Tuesday, March 13, 2007

Building Trust With Your Web Site

Linda (a potential client) and I were chatting about what makes a quality web site. We were having a difficult time quantifying 'quality," until I asked her what was the last web site that met all of her needs.

With that thought, Linda was off and running. Linda told me she was recently searching for a hot tub to purchase and said, "This particular web site includes testimonials from credible sources, a professional picture of the factory along with photographs of the staff. They also offered a comprehensive FAQ information page. They had extensive information on how their hot tubs are constructed and why they are a better value than others. Additionally they provided a checklist of items to consider before I buy so there would be no problems. "

"It looked like I could trust them; so I ordered from them." Linda then paused and said, "And I also told my friends."

Got Trust?

"Great testimonial," I replied. "It sounds like your degree of trust and the content of the site influenced your decision to buy. Now let's look at your mortgage web site and see how many of these qualities you have present." I could tell by the silence that Linda just realized that her web site was missing most of these key components.

60% Of Buyers Buy Within 30 Minutes!
80% Of Buyers Buy Within A Day!

eMarketer.com recently had a very compelling article somewhat related to trusting a web site:

CLICKS TO CONVERSION HAPPEN QUICKLY: According to the new Q2 2000 Online Advertising Report from AdKnowledge, most conversions of click-throughs into sales happen very quickly. Sixty percent of conversions for first time customers occur within the first half hour. After that, the share that will click-through diminishes rapidly. Another 9% will convert before an hour is up. Within a day, 80% have converted. Only 1% will of click-throughs will happen at the end of 30 days."

Love At First Site

If someone is going to buy, 60% of them buy in the first 30 minutes, 70% within an hour of visiting your site and 80% that same day. I believe you can assume that many visitors must have made up their minds with the first screen view of your web site: the 'love at first site' syndrome. That first screen view has to be good.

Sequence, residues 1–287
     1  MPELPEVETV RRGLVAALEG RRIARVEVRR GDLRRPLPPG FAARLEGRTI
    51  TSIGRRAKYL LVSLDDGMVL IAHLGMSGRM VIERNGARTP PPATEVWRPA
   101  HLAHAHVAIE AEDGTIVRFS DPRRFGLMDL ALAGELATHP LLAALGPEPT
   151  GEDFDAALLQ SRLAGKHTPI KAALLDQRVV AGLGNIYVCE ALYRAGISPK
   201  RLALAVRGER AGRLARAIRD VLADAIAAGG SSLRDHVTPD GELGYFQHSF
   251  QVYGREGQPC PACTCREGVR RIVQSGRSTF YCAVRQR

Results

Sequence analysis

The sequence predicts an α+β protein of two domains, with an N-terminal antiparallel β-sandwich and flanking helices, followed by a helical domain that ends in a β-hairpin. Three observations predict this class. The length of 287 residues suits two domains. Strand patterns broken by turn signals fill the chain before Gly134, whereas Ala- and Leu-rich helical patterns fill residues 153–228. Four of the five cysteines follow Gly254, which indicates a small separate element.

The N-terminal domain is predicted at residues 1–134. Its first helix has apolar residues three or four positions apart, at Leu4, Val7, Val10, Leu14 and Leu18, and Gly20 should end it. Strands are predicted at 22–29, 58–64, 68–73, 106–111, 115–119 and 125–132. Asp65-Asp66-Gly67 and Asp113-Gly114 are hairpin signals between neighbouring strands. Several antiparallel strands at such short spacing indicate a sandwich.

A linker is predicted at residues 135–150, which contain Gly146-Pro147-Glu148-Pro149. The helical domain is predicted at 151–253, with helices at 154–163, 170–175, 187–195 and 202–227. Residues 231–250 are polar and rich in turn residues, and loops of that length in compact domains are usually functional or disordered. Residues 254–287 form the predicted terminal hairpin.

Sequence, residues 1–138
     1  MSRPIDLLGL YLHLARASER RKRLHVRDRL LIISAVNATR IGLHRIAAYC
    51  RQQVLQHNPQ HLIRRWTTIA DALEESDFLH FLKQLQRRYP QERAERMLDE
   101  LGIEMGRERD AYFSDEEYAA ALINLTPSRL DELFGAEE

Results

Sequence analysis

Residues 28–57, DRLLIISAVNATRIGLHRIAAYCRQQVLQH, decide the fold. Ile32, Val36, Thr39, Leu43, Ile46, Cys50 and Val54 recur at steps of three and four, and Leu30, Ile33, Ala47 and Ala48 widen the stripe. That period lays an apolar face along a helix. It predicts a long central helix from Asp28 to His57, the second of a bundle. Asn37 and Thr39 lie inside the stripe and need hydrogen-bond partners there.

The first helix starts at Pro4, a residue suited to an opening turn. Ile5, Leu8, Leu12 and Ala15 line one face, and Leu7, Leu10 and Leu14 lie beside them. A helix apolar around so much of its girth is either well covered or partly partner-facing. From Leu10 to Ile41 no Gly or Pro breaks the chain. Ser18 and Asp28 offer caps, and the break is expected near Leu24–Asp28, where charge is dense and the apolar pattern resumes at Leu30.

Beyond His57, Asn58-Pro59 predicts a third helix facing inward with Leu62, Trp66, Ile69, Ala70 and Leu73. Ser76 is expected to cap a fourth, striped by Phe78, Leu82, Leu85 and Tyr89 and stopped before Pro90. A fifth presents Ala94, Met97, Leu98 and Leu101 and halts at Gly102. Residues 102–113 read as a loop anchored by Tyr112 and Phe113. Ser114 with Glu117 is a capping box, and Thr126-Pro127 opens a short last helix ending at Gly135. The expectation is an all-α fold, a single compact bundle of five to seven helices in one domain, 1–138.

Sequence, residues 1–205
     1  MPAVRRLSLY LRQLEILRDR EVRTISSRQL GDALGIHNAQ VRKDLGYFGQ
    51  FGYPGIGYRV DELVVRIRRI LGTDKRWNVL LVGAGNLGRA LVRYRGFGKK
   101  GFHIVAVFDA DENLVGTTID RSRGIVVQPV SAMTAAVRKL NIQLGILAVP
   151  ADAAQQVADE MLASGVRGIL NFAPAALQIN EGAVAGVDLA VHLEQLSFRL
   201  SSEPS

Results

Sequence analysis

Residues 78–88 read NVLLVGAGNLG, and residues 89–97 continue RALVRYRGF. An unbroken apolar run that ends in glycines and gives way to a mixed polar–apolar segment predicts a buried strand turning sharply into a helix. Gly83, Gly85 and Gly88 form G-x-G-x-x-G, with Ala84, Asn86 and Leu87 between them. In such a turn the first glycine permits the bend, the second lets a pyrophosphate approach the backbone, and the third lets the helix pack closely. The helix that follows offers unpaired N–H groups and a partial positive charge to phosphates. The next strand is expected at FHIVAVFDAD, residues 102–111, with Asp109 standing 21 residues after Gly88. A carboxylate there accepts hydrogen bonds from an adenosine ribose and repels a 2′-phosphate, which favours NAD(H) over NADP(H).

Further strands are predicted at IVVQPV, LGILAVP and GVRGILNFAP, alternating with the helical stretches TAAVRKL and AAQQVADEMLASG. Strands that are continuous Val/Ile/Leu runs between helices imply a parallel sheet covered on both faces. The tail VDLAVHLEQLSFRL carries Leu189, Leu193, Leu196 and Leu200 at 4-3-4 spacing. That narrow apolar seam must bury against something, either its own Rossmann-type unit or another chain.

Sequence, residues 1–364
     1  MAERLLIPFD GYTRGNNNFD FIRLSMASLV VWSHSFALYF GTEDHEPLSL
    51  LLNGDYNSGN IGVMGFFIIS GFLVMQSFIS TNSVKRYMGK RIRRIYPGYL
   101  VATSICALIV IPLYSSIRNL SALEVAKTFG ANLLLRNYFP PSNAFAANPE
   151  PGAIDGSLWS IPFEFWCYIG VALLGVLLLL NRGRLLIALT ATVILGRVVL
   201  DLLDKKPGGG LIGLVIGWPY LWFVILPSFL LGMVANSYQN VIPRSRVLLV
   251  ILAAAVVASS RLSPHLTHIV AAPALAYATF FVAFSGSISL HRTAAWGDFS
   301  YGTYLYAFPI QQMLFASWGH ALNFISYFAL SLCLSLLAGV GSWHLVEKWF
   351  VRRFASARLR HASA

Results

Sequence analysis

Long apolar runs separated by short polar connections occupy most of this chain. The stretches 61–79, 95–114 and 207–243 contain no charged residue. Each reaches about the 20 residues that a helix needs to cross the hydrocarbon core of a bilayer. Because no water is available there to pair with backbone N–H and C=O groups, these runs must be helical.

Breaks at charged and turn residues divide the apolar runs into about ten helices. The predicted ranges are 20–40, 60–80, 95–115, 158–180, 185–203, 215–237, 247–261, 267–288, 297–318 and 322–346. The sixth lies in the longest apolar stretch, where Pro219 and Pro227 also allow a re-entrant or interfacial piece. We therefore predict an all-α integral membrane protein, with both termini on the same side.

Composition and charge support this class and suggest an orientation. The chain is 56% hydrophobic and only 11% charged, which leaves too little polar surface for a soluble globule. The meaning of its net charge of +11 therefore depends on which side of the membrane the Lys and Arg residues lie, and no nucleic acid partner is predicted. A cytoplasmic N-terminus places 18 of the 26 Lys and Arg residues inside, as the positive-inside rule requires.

A Good Design Is Not Enough

A mortgage web site is entrusted with the largest financial transaction most people will ever make. Of course you need great rates and customer service; but your site must communicate professionalism, competency and trust.

A web site full of 'graphic wu-wu,' and 'animated testosterone' alone won't do it. It is the written content that is your sales tool. It is your content that builds trust. It is your content that educates, informs, comforts, cuddles, tickles, persuades and entices your visitors to become clients. To paraphrase an En Vogue song title, you "Gotta give them something they can feel."

Instant Trust Leads To Internet Sales!

I shared with Linda that you not only need to 'sell trust' on your web site; you also need to create 'instant trust,' the same way she instantly trusted that hot tub site. The best way to create 'instant trust', is to 'Design for show, content for dough.'

Visitors have come to expect a minimum degree of aesthetic competency when visiting a site. In order to get your visitors to read your content, you must create a web site that (on a visual pass/fail scale) will muster at least a 'passing grade.' If your site looks crummy, visitors are less likely to read your content.

Internet Marketing Is Only The Beginning

We conduct corporate training & mortgage seminars where we emphasize that the sales on your web site do not conclude when Internet marketing efforts drop visitors at the front door…it only begins there. While it is very important to deliver visitors to your site; it is 'what you say' and 'how you say it' once a customer arrives that is even more important. This is what determines if a visitor turns into a client.

Elements Of Trust

A successful web sites meets the expectations of the visitor. At a minimum, the following elements need to be included on your web site in order to communicate trustworthiness:

* Your company name, phone number and email contact on every web page.
* Testimonials from past customers.
* Photo of current employees.
* An information page about your company so that people can learn about you (ie. people buy from people they know and like).
* Interest rates that are current…as of today.
* An overview of all the type of loans you offer.
* A consistent navigational bar so people can conveniently roam your site.
* A professional appearance in which the theme is carried out through your entire web site.
* Clean, crisp graphics. No animated graphics.
* Provide not only concise, easy to find information; but also provide more elaborate details for those who 'really have to know."
* Friendly, easy to read, and understand content.
* Bonus information: provide content that differentiates your company from others. Examples might be articles on how to save money by having a 15 year loan or why it may be more cost effective to pay a point or two extra to get a lower interest rate.

Linda agreed to include all these elements in her site, as I asked her, "Now, who are you going to trust with your mortgage web site?"

For online mortgage leads please visit our mortgage leads page.


Building Trust With Your Web Site
Originally published September 2000

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